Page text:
Refresher Programs and Clinics
Most of us think we’re good drivers, but if you’ve been driving for several decades, chances are that you’ve unconsciously developed some bad habits. Refresher courses and safety clinics geared towards older adults are a great way to review safety issues and learn about any other steps you can take to stay safe.
The CarFit program, Seeberger explains, offers “a 12-point checklist of such things as where you’re sitting and your distance from the steering wheel. The workshops also teach how to properly adjust the rear-view and side mirrors. It’s not an overly complex thing—you’re in and out in 20 minutes, but it’s a nice opportunity to take a proactive approach to fitting you and your vehicle together.”
Another program aimed at helping people stay safe on the road is the 55 Alive Driver Refresher Course, which is available through the Canada Safety Council. The classroom-based program reviews driving rules and issues that older drivers may face. “The group can number up to 25 people. The goal is for people to share their experiences so others can learn from them,” says Marchand, who was involved in the program’s implementation.
Another option is practising with a driving instructor or in a simulator. In one study that Gagnon worked on, older people drove with instructors who focused on what they thought were areas that needed improvement. “Within two sessions, we saw a significant improvement in the older people’s driving,” Gagnon says.
Tips and Tricks
Practical tips can help reduce stress while driving and help you stay on the road longer.
If you wear glasses, use them, Marchand says; driving is no time to be vain. If you have a second pair of glasses you no longer use but that are only a couple of years old, leave them in the car, he adds. That way, if you’re out somewhere and you break or lose your regular glasses, you have a temporary pair at the ready. Other tips include:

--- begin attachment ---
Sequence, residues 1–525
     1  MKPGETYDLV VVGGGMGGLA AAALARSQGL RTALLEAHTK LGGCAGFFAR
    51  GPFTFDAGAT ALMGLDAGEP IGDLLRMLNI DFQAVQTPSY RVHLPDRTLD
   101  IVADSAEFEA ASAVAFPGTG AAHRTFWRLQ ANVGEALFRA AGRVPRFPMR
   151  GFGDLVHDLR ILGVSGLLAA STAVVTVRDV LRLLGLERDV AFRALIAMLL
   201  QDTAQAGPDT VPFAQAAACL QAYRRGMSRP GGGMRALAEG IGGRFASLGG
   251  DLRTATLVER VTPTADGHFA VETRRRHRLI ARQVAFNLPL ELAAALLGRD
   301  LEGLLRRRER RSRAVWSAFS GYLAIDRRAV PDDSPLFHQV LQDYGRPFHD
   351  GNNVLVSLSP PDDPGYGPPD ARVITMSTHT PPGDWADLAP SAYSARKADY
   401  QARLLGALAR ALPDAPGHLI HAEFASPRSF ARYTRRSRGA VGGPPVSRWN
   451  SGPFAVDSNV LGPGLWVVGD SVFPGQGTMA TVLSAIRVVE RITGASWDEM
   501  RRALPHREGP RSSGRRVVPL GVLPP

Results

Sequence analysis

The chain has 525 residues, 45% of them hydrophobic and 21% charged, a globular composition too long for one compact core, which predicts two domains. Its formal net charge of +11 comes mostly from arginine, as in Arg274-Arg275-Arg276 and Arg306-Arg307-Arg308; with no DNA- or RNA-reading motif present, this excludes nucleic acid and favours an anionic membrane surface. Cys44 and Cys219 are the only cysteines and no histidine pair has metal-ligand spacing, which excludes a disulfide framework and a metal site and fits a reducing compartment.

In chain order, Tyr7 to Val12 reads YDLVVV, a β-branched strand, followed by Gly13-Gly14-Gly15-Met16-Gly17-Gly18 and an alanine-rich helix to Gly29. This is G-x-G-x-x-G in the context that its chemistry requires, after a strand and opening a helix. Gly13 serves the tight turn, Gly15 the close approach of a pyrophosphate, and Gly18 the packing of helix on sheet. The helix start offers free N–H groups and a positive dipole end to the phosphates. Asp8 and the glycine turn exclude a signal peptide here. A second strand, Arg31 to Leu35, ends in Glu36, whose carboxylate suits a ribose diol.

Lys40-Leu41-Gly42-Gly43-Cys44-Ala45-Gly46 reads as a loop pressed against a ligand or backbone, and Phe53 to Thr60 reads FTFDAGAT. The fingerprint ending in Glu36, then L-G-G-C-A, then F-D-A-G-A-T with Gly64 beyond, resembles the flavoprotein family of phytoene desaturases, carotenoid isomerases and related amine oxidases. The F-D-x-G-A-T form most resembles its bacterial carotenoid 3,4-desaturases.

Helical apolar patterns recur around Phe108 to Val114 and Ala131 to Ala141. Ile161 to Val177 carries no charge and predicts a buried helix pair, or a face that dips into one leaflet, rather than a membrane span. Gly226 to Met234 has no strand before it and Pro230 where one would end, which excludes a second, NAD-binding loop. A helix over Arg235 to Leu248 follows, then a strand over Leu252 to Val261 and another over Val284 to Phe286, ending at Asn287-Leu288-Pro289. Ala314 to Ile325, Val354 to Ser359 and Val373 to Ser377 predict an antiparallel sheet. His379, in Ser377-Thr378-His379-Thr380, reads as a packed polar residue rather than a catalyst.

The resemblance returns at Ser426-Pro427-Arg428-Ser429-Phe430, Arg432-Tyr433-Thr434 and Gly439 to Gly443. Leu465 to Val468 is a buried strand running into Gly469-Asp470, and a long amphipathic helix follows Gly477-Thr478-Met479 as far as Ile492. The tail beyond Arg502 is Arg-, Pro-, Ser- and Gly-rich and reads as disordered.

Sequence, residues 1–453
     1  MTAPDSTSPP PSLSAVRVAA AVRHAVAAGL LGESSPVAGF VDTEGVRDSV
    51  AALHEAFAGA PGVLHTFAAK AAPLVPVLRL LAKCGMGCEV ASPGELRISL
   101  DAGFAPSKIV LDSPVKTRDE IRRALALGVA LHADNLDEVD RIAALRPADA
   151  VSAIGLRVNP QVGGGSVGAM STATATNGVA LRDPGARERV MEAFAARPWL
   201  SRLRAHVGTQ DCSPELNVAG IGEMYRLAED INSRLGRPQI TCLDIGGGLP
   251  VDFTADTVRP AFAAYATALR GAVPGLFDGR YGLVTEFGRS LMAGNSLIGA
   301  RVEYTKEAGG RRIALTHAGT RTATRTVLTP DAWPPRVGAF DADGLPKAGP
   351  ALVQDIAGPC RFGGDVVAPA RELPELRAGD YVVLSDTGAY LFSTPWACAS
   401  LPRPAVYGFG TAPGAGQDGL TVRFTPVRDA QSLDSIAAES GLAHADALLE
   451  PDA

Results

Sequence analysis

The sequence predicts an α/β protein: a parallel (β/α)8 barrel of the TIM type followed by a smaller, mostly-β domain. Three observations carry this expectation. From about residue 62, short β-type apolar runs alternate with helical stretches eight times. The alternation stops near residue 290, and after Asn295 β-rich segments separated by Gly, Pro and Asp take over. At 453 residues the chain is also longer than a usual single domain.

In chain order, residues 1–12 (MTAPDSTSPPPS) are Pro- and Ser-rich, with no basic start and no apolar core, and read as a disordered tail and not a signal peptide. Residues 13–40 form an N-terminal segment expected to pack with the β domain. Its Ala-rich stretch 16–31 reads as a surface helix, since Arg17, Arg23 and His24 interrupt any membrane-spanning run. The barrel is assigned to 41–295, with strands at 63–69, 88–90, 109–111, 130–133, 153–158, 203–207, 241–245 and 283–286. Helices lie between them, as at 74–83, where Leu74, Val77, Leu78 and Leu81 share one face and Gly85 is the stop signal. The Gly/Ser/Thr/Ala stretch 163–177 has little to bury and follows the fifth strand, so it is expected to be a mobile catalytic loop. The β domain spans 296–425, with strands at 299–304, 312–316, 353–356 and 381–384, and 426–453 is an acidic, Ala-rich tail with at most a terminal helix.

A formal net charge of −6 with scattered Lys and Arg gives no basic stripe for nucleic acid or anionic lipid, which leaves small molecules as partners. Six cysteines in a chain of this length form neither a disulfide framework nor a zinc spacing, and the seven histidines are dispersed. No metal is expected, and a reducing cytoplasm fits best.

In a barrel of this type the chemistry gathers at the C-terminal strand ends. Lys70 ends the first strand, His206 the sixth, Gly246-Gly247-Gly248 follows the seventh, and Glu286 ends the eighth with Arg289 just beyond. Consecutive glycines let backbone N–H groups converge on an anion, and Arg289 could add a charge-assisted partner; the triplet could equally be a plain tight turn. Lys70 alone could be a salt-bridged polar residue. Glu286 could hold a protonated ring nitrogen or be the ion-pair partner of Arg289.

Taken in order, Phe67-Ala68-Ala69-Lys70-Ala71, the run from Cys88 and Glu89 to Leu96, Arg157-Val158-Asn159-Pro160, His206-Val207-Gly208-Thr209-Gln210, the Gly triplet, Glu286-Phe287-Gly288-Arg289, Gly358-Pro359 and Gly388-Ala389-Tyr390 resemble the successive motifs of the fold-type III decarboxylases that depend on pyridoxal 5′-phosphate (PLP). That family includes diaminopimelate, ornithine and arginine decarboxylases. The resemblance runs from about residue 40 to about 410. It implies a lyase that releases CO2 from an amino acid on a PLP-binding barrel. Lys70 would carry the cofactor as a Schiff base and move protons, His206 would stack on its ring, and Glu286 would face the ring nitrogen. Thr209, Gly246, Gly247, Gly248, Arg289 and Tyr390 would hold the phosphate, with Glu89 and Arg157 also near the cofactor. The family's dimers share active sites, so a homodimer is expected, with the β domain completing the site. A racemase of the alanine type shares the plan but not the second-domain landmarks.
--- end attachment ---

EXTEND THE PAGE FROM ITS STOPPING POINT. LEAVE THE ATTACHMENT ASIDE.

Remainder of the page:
• Keep your body as fit as possible. Whether it’s yoga, dancing, or a full gym workout, a healthy body and mind help keep you flexible and strong enough for the demands of driving, including turning your head quickly to check your blind spot and stepping on the brakes in an emergency.
• Get regular checkups. Aside from physical health, your vision and hearing are vital parts of safe driving. If you get new glasses, take the time to get used to them and any changes they may bring to your depth perception, Marchand says. If you wear hearing aids, ensure they’re working properly.
• Review your medications. Older drivers may take as many as five or more prescription medications, some of which can affect driving, so speak with your pharmacist about their effects and what you can do to reduce the impact they may have on your driving. “A medication and its effect on someone who is 20 and its effect on someone who is 70 can be quite different,” Seeberger says. Even a medication you’ve been taking all your life can have different effects later on.
• Keep driving. Just as you’d continue to practise a sport like golf in order to keep your game up, good driving takes practice, too, Gagnon says. Spouses should share the driving duties, Marchand says, as long as both have a driver’s licence, “because if the primary driver doesn’t feel comfortable or is feeling ill, the other spouse can drive.” This also helps to ensure that a spouse is not left driverless and thus helpless upon the death of his or her partner.
• Focus on your driving. While we constantly warn teens to limit distractions such as texting, older drivers must also limit distractions, such as chatting with passengers, listening to music, and drinking coffee. Concentrate on the road, and if you have passengers, explain to them that you need to focus.
• Tailor your car to your driving needs. If you share your car with your spouse or anyone else, ensure it’s fit for you as a driver before you begin each trip. “Is the steering wheel positioned correctly? Is the headrest at the proper height? Most people don’t adjust the headrest, but it’s an incredibly important thing for whiplash prevention,” Seeberger says.
For most of us, driving into our later retirement years is possible. We may need to adjust how and when we get behind the wheel, but these modifications will help keep us safe—and help us keep our independence on the road for years to come.